The panel also faulted one aspect of a U.S. International Trade Commission injury finding in the Hynix case, finding that the ITC failed to properly examine whether injury caused by another relevant factor--the contraction in demand for DRAMs--was not being unfairly attributed to subsidized imports, thus constituting a violation of Article 15.5 of the SCM Agreement.


Korea Welcomes Ruling

The Korean government welcomed the panel's findings Feb. 21, describing it as an important interpretation regarding the application of WTO rules to government restructuring programs. The Korean government also said it hoped the ruling would have a positive impact in regard to ongoing WTO proceedings in a separate complaint lodged by Seoul against the European Union's preliminary countervailing duties on Korean DRAMs as well as Japan's continuing countervailing investigation on the Hynix bailout.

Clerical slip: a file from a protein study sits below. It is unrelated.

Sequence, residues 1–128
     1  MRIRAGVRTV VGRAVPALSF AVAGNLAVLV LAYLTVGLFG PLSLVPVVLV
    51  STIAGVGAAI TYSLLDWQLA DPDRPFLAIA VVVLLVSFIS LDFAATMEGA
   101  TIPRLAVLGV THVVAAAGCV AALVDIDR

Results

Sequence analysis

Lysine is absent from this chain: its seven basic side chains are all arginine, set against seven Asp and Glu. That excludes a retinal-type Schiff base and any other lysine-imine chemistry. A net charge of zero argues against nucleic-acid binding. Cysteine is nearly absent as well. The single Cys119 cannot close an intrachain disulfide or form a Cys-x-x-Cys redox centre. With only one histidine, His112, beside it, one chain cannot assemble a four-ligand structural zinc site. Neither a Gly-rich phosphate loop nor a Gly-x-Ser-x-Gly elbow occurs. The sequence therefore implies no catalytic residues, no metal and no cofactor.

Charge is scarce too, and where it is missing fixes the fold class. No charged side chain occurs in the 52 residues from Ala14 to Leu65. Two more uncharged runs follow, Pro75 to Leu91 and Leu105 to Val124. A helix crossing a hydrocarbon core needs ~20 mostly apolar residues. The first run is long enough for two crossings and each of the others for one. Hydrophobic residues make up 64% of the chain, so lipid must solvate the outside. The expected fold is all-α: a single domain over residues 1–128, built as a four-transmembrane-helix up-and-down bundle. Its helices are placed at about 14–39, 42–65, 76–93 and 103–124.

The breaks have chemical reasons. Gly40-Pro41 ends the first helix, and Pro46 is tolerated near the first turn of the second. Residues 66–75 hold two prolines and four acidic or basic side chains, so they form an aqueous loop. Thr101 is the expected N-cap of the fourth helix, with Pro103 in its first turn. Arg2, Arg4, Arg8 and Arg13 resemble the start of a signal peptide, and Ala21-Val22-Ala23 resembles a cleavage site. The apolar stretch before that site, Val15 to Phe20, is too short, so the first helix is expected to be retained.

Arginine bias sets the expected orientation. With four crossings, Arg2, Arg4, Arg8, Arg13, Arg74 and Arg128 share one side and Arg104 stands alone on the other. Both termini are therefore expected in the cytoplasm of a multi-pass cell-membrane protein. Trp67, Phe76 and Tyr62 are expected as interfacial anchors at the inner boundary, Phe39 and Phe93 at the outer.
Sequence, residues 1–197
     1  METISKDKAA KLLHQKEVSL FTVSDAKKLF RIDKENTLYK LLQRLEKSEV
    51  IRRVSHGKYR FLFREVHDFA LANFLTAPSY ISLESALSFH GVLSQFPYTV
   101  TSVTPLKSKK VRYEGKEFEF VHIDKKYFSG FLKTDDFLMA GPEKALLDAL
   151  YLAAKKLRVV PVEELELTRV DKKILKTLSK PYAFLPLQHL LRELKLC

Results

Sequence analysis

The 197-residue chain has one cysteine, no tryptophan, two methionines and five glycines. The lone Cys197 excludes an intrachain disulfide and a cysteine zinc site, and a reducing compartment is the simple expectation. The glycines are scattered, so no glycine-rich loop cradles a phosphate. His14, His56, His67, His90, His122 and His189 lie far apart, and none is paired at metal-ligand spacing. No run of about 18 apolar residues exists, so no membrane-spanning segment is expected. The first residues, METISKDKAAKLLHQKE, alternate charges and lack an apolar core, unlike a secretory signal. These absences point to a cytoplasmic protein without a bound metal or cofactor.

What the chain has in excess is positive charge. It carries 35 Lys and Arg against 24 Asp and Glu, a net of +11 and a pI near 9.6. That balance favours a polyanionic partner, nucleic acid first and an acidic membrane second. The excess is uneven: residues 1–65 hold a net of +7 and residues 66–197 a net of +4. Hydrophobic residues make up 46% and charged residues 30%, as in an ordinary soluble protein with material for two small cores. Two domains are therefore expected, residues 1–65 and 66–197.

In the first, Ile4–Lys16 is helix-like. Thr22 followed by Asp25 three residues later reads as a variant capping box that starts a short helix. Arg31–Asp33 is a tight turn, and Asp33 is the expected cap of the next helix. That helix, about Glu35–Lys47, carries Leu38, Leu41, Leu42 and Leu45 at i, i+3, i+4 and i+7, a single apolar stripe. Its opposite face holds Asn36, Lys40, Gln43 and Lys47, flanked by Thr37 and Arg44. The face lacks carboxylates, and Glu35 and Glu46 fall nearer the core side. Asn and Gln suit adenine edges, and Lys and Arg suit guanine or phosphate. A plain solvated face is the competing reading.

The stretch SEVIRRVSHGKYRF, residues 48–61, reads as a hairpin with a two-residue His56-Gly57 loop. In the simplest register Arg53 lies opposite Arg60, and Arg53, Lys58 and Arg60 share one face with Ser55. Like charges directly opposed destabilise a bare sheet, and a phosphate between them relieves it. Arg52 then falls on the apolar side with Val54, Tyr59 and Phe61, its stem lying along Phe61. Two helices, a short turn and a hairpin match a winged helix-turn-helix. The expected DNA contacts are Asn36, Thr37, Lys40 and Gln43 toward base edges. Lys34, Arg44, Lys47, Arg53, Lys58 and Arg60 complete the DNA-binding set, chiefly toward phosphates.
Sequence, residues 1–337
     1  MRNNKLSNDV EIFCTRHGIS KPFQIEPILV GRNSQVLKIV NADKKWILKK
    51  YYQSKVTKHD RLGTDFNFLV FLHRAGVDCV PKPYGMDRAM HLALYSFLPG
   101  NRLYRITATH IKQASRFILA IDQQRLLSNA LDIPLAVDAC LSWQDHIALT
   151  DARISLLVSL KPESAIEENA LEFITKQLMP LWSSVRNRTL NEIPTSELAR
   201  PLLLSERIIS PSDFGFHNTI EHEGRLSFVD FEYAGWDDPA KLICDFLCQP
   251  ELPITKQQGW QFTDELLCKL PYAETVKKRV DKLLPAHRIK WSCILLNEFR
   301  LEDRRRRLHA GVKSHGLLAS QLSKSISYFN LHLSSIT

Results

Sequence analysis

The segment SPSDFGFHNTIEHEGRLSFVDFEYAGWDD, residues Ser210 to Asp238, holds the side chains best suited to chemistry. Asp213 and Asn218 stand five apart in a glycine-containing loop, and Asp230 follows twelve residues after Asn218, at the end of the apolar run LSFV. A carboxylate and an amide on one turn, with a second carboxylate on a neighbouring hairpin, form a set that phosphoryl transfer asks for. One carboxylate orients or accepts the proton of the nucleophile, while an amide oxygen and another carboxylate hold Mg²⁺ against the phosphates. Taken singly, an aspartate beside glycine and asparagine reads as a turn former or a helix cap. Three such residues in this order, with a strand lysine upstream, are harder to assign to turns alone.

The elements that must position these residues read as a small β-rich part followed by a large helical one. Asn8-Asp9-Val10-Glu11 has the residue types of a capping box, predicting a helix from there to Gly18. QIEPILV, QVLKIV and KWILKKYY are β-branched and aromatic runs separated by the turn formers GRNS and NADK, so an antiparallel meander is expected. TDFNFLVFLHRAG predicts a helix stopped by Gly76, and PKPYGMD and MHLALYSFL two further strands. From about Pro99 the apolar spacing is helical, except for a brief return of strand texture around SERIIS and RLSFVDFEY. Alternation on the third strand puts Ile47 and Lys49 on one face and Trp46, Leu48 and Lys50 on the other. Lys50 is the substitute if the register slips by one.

The Korean government also called on the United States to lift its 44.71 percent countervailing duties on imported Hynix DRAMs, declaring that there was no longer any legal basis for maintaining the duties as a result of the panel's findings.


U.S. Has 60 Days to Appeal

U.S. officials did not respond to a request for comment. The United States will now have 60 days to decide whether to appeal the panel's findings.

The ruling, first issued to the parties Dec. 22, coincides with a generally favorable panel ruling for South Korea in a complaint brought by the EU against Korean shipbuilding subsidies. In that ruling, also issued to the parties on Dec. 22 (but not yet made public), the panel rejected the EU's claims that corporate restructuring aid provided by the Korean government to its shipbuilding industry qualified as a subsidy under WTO rules and had negatively affected the trade of competing European shipyards.